OK, first off: Yay! I did it! In less than 15 minutes!
Yesterday, on the morning of day 99 since setting out on this adventure, I reached a major milestone: I swam the 1k in under 15mins. The watch says it took me precisely 14:50 minutes to do 1000 meters (in the 25 meter pool I train most mornings). Yes, dear haters, distinctly un-impressive by some standards, but for me, personally, an achievement that took a lot of work.
(In case you haven’t noticed, I am bloody pleased with myself.)
This is not just a personal best, but a milestone that I set for myself many months ago. It feels good to set goals and then work towards achieving them, then reaching them. Especially when trying to achieve them has many side benefits, like keeping you happy, healthy and sane.
Since today marks the 100th day since I set out on this adventure, let me draw up a quick summary of the main points/events on the journey so far:
- Gradually increased the swimming load from hitting the pool 2-3 times a week for practices over 1-3.5k to a daily 4-5k every morning, Monday to Friday. Which means that I swim about 20k a week currently. And I plan to do more.
- Cracked the 5k distance in the 25m pool
- Changed my daily routine to get up at 5am and swim from 6am to 7.30am-ish every morning (not weekends).
- Changed my diet to a liquid breakfast and eating within a 12-hour-timeframe during the week
- Given that I burn about 1500 kcal every morning in the water, too, I have lost almost 10kg of weight
- I have not experienced any back pain since Day 1 of this adventure, and feel much healthier, fitter, etc.
- Unlike normally, I did not succumb to any of the bugs and viruses that family members, friends and colleagues fell ill with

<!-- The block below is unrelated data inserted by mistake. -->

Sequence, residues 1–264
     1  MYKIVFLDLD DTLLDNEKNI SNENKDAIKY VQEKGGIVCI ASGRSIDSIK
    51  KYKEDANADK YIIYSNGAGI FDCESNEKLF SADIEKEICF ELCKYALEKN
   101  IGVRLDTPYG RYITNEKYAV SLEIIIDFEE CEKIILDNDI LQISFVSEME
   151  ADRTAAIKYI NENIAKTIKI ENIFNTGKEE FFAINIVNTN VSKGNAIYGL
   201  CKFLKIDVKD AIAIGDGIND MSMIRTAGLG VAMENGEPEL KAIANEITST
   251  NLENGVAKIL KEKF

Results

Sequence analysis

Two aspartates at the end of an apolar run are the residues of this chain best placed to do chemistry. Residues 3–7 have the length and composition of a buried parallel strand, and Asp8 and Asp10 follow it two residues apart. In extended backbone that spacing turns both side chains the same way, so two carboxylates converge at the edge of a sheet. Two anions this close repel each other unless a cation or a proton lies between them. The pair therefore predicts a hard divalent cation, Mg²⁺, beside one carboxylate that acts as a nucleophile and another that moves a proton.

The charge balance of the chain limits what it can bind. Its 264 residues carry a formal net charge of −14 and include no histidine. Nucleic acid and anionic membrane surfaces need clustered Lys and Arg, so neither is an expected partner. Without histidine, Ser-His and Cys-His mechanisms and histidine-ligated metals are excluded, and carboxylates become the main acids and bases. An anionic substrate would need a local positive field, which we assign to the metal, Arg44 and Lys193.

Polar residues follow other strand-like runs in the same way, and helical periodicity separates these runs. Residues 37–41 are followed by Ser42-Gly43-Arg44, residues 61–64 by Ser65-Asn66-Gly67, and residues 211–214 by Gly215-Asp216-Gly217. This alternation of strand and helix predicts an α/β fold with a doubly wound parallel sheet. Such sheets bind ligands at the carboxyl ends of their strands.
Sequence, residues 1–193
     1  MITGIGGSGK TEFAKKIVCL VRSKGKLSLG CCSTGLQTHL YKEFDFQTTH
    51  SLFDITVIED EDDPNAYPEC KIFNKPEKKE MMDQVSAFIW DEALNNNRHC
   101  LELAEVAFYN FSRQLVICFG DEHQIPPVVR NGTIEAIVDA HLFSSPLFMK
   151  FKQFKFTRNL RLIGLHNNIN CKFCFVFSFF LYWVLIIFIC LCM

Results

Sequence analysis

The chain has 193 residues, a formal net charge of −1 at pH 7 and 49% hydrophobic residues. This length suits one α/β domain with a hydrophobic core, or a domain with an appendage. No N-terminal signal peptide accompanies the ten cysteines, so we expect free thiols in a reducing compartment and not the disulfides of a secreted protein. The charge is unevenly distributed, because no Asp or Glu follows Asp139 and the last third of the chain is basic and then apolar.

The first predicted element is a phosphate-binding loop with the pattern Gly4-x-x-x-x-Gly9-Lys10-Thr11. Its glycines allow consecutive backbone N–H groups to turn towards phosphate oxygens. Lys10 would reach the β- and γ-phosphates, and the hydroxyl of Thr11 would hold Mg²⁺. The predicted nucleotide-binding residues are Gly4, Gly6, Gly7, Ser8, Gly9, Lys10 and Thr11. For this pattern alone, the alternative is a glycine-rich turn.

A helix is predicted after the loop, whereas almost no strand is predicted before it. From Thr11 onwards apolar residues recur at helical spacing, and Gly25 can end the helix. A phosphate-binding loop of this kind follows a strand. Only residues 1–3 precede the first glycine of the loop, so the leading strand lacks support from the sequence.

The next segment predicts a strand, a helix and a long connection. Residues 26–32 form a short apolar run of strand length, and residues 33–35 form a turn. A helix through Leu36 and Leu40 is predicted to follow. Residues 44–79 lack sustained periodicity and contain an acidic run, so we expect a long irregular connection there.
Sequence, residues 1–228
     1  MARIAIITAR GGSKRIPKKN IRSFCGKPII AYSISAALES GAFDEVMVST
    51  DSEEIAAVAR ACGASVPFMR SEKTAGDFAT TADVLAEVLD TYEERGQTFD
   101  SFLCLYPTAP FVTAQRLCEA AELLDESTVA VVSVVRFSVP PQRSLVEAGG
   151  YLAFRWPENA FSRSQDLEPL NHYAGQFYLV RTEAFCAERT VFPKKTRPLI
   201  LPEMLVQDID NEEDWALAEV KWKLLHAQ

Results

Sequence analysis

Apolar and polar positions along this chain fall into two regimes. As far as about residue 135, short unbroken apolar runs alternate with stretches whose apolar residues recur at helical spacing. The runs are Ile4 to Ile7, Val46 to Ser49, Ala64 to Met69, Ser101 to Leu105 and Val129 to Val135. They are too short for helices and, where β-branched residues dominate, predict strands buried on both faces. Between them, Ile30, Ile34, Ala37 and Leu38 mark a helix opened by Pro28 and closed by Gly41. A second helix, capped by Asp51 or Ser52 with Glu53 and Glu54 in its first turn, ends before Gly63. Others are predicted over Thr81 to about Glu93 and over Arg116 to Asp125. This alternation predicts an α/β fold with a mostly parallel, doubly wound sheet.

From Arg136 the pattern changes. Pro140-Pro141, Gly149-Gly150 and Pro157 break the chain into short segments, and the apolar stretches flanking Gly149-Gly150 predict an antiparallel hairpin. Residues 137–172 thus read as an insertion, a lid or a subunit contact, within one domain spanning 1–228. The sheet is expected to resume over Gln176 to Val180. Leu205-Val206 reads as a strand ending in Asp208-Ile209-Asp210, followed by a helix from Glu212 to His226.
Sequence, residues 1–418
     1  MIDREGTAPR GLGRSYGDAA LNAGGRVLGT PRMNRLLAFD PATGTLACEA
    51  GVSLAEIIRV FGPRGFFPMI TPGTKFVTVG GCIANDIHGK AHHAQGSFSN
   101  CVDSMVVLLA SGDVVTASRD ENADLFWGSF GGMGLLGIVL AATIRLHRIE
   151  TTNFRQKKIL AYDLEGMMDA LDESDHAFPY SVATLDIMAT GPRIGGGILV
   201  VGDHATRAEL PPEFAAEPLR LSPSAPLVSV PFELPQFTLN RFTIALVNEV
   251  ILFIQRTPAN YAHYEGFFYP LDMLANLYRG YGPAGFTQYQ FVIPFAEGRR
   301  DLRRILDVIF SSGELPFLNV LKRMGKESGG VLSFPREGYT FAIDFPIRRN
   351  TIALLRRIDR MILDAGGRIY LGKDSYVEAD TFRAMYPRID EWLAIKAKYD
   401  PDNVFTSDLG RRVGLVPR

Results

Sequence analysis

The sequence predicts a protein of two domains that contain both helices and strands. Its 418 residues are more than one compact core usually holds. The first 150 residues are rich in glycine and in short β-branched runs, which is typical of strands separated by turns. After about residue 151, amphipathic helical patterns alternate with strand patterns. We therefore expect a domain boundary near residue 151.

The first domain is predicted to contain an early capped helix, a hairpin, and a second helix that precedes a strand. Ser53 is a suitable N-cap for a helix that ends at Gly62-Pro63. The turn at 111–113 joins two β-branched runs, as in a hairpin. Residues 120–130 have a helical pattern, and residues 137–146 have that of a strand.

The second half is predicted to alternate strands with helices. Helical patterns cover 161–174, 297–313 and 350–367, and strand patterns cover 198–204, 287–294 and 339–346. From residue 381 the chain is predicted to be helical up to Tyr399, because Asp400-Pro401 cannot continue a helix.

And, yep, I learned some important lessons so far that I hope to remember when the going will get tough (as it invariably does). Here are four that I want to share with you:
- Persistence really is key. Make yourself “auto-persistent”: Change your habits to “bake in” your workout (or whatever it is) into your day. Make it routine. Stick to it.
- Persistence comes from priorities! Ruthlessly prioritize your life. My – and most likely your – absolute priority, from which everything flows, is my identity. (Sidenote: Sure, you don’t have to be religious to have a sound anchorage in life and death, but boy does it help.) Knowing who you are and why you are here on this planet in turn helps you to focus. My focus is on my vocation as firstly a husband to my beautiful wife, secondly a father to those crazy kids, thirdly a professional worker, and so on. So, I hear you ask, where does swimming come into all of this? Well, it is essential! But “only” because it allows me to properly function in all these roles. Just like sound rest, good nutrition, and other things that are essential. (I wish young swimmers, some of whom get depressed from having swimming as the main goal in life, knew and understood this. Swimming – or any other activity – is not a raison d’etre by itself.)
- Persistence can be helped! Do what ever helps you to keep at it, within reason. Cameraderie or team training, friendships, saving up for excellent gear, finding inspiration by socialising with others passionate about the sport, online or offline….and write about it! One of the stated purposes of this blogging business is to keep me motivated and have a kind of public record out there to hold myself somewhat accountable. Your mileage may vary, but for me this has really worked.
- Regularly remind yourself: What would happen if I did not go down this path? How did I feel before making the change? This throws into stark relief the many fundamental motivational factors that can be clouded over by short-term concerns or moods – and makes you realise: You don’t really have an alternative that is preferable. Boom. Back to 1.
Though I rarely quote from the Bible, there is a real doozy from Psalm 103. A phrase that sums all of this up rather nicely, and using the metaphor of water no less:
inter medium montium pertransibunt aquae (the waters will pass through the midst of the mountains)